Peterik, of course, is a founding member of The Ides of March, a talented songwriter, as well as a jingle composer. His 1970 song, “Vehicle” found its way up to #2 on the Billboard charts as just one example.
Jim continues to be the pride of Berwyn, where he grew up. Beyond their legendary band of guys (The Ides) who’ve been as close as brothers through the years, Jim has also achieved national distinction and acclaim. He cowrote songs such as “Eye of the Tiger” and “High on You” with Frankie Sullivan for the band Survivor and “Hold on Loosely” with Don Barnes and Jeff Carlisi for 38 Special. Those are just a few of his hits.
Peterik has performed these songs in concert with these bands as well as in concert in his other musical collaborations. Jim is also noted for finding and showcasing new talent for audiences in presentations such as Pride of Lions, a “melodic rock” band; Jim Peterik’s Lifeforce, a “smooth-jazz project” and “an all-star cast” as World Stage.
Giammarese is a founding member of The Buckinghams, who broke out of Chicago basements into the #1 spot of the Billboard charts with “Kind of a Drag,” written by Chicago native, James Holvay. Holvay would go on to find national acclaim with his band “The MOB” and his compositions with Gary Beisbier would help propel The Buckinghams into positions as Billboard's "Most Listened to Band in America" for 1967. Similarly, they were named "Most Promising Vocal Group of 1967" by CashBox Magazine. Songs and their arrangements are the means by which a good musical group becomes a legendary musical icon.
After the first version of The Buckinghams concluded after reigning at the top of the Billboard charts, 1965–1970 they’d amassed 15 singles, 8 albums, and songs that are still in demand in concert today. For four decades since reforming, The Buckinghams continue to expand their national presence on tours including the Happy Together Tour, the Flower Power Cruise, Concerts at Sea, and other package shows. Meanwhile, contemporary band members are woodshedding in their garages or basements, hoping to get a song on the radio. The competition for audiences is tough today, and classic rock will draw a crowd, even when younger audiences seem to be following a different interest path. You'll often find three generations of fans.
From 1970-1977, Carl Giammarese and Dennis Tufano, former lead singer of The Buckinghams, were a contemporary rock duo, hoping to catch the same wind of good fortune as other duos, such as Simon and Garfunkel, Loggins & Messina, England Dan & John Ford Coley, or Seals & Crofts, but it was not to be. After 3 albums, the duo went their own ways.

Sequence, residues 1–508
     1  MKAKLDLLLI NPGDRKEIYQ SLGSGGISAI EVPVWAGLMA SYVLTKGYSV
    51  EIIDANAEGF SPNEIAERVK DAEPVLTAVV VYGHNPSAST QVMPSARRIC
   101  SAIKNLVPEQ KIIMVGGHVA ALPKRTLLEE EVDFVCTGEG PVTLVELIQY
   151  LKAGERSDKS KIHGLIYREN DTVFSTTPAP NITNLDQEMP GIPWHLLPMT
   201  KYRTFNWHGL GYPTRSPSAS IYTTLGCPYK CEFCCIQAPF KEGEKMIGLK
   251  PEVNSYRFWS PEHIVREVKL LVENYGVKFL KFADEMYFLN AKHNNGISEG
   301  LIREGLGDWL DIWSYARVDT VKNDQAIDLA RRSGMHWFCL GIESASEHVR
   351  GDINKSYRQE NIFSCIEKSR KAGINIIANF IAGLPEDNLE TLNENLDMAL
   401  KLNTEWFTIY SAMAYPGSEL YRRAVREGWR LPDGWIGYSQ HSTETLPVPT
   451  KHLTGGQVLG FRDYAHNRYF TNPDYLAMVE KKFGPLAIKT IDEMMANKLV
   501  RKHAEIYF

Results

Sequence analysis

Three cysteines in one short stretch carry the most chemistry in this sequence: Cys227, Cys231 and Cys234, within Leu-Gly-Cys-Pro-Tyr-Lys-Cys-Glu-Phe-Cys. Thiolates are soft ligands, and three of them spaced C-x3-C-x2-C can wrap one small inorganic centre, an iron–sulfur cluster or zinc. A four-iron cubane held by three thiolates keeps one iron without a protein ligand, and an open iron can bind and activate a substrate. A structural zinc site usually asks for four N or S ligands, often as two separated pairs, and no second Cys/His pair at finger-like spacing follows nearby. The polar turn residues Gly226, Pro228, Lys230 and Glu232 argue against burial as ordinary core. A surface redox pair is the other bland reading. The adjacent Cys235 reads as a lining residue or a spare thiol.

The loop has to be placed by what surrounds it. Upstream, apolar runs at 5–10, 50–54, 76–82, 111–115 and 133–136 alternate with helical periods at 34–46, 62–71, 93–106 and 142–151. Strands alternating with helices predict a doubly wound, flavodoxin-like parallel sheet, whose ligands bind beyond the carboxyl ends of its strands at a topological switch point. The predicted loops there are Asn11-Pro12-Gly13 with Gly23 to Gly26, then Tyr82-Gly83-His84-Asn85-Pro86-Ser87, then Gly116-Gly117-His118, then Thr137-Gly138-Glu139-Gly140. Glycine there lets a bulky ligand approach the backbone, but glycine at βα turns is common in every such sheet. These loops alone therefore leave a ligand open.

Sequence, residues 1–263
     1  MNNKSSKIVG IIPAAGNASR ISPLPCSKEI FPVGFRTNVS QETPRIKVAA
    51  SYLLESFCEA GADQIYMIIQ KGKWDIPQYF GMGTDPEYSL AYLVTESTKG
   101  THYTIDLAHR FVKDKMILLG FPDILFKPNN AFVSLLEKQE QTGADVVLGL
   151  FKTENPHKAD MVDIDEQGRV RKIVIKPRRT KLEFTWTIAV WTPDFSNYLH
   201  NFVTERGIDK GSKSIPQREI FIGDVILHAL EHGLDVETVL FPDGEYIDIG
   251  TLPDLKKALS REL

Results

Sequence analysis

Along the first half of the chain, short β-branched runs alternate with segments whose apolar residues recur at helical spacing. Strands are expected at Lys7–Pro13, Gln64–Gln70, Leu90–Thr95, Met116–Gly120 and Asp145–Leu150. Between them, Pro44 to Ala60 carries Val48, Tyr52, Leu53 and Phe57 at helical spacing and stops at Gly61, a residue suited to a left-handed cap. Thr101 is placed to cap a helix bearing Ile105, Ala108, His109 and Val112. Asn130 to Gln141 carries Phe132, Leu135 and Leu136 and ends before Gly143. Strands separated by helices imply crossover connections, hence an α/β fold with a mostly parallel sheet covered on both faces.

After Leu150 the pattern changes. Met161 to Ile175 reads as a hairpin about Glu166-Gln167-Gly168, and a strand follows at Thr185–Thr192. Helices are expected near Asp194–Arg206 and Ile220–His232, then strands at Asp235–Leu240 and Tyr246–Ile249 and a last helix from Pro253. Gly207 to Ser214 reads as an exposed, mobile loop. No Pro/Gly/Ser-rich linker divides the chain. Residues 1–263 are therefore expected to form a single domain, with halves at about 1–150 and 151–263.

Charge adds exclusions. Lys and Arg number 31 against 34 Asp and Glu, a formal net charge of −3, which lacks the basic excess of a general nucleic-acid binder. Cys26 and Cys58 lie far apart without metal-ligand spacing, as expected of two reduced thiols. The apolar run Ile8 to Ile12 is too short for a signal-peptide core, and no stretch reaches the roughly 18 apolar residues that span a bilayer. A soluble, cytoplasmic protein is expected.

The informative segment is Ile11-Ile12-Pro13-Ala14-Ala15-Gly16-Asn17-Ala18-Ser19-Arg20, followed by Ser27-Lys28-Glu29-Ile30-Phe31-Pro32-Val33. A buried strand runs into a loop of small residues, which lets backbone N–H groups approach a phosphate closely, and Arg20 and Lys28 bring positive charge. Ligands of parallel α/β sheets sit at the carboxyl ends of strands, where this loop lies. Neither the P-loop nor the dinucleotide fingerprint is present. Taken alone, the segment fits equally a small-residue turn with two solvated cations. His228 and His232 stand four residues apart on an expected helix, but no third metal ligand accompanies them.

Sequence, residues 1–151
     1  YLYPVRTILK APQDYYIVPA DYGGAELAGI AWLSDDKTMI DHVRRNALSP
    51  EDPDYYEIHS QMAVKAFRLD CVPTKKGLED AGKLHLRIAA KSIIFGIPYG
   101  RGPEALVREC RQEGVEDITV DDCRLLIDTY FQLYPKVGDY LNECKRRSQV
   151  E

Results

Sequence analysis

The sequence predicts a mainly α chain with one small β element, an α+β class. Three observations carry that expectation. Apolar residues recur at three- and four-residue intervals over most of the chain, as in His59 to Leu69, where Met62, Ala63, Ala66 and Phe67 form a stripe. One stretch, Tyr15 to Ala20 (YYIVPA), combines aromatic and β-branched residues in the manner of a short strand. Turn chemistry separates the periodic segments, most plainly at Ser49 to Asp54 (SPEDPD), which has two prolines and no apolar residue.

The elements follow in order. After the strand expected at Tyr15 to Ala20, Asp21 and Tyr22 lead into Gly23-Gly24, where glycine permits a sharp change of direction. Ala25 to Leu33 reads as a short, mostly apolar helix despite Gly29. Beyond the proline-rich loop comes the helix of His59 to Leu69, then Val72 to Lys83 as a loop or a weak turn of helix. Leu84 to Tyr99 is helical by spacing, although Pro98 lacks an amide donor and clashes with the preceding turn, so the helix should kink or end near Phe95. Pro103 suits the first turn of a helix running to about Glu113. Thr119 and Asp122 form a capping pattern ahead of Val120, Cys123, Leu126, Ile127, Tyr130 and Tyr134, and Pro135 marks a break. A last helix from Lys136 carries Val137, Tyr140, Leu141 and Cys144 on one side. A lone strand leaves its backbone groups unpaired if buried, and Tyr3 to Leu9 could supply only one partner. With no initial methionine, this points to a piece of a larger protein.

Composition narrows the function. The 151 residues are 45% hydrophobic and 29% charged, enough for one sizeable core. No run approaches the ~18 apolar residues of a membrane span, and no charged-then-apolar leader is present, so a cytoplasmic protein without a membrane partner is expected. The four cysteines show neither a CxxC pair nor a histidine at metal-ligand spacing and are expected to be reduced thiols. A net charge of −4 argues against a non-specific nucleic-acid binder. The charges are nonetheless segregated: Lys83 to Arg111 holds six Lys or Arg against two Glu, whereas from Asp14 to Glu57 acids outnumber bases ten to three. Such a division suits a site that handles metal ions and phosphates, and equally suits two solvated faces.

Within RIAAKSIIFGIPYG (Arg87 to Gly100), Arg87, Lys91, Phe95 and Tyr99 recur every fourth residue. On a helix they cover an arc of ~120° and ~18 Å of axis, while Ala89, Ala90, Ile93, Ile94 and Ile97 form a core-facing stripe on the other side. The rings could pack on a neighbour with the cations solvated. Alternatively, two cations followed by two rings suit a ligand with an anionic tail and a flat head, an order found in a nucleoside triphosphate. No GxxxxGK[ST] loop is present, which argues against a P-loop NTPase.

In 1982, after 2 years of successful, occasional reunion concerts with Tufano, two founding members of The Buckinghams, Carl Giammarese and Nick Fortuna, hired three great musicians and have been touring nonstop for 39 years now, bringing classic rock to audiences with the same joy for performing that Jim Peterik and team have.
Today, the Ides of March continue with Jim Peterik, Guitar; Larry Millas, Guitar; Bob Bergland, Bass; and Mike Borch, Drums — the originals have remained together plus Scott May, Keyboards; Tim Bales, Trumpet; Henry Salgado, Trombone; and Steve Eisen, Saxophone.
Chicago folks can recite all this history by heart of course, but when you put these two performers onstage, their experience and versatility become magic when mixed together. They often perform concerts together, each with their full bands.
But thanks to COVID-19, all full-band events went on hiatus for over a year and are finally opening back up at a very gradual pace. A wise producer saw the success of unplugged concerts, with the principal voices coming together for a wonderful acoustic evening of stories and songs, first presented as two separate acts and then joining together at the end for a rousing encore. A stage-based slideshow by John Dykas complimented the stories the singers told.
Carl was most ably accompanied by longtime Buckinghams’ keyboardist Bruce Soboroff and Jim was accompanied by skilled multi-instrumentalist, Colin Peterik. Chicago music writer and reviewer Kent Kotal noted “great trade-off vocals between Carl and Jim), on “Kind of a Drag,” “Eye of the Tiger,” and “Vehicle.” He also said “’Susan,’ my all-time favorite song by The Bucks….and quite a complicated one at that when it comes to effects and vocals sounded great, even in its stripped down form.”
Kotal added: "I got the impression that Carl and Jim may do a few more of these “up close and personal” shows in the future … (I swear, Peterik would put every bit as much effort into performing a private show for two in your living room … the guy just LIVES to entertain!)" To read Kent Kotal’s full review, visit here.
The Genesee Street Cabaret has proved to be an innovative new venue, perfect for welcoming small crowds to allow social distancing. When the 6pm May 1 show with Peterik and Giammarese was announced, it sold out the first day. A second show at 8:30pm was added and promptly sold out as well. If you missed their first concert evening, perhaps more will be added in the future.
In the meantime, here are two YouTubes to enjoy from their performances that night. They are great arrangements and two songs you might never have guessed you’d hear this way. Thanks to John Dykas for graphics and video contributions.
First, here is "Eye of the Tiger" with dual voices and guitars by Jim and Carl, with Colin Peterik on keys.
And here are Carl and Jim on "Mercy, Mercy, Mercy" with Bruce Soboroff on keys.
As much as we love our classic rock songs the way we first heard them on the radio, it is also wonderful to hear them in new ways as envisioned by those who love the songs the most. Stay tuned to social media to learn if new intimate gatherings concerts are being scheduled.